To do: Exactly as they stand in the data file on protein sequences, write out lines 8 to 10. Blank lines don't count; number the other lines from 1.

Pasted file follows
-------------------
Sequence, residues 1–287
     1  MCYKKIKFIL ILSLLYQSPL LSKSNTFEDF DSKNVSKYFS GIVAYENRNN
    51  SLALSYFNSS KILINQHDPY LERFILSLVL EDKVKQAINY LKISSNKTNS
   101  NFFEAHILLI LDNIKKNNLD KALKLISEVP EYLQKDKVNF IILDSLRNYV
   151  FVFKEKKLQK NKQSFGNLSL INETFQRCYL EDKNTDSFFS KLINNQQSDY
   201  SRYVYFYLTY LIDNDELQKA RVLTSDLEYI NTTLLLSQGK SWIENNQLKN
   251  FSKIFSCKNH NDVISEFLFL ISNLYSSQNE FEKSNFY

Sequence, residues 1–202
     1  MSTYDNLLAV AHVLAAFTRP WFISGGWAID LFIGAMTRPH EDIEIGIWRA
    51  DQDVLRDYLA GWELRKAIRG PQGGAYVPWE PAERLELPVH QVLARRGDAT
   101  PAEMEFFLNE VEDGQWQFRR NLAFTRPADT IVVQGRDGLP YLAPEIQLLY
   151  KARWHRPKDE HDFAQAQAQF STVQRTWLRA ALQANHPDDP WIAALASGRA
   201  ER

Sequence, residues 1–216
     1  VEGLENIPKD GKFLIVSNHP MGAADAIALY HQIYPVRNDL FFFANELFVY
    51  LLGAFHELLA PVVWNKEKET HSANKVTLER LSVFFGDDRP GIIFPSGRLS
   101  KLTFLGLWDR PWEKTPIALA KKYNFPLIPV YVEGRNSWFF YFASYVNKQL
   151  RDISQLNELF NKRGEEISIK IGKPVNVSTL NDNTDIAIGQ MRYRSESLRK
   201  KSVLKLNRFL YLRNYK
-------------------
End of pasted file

Sequence, residues 1–202
     1  MSTYDNLLAV AHVLAAFTRP WFISGGWAID LFIGAMTRPH EDIEIGIWRA
    51  DQDVLRDYLA GWELRKAIRG PQGGAYVPWE PAERLELPVH QVLARRGDAT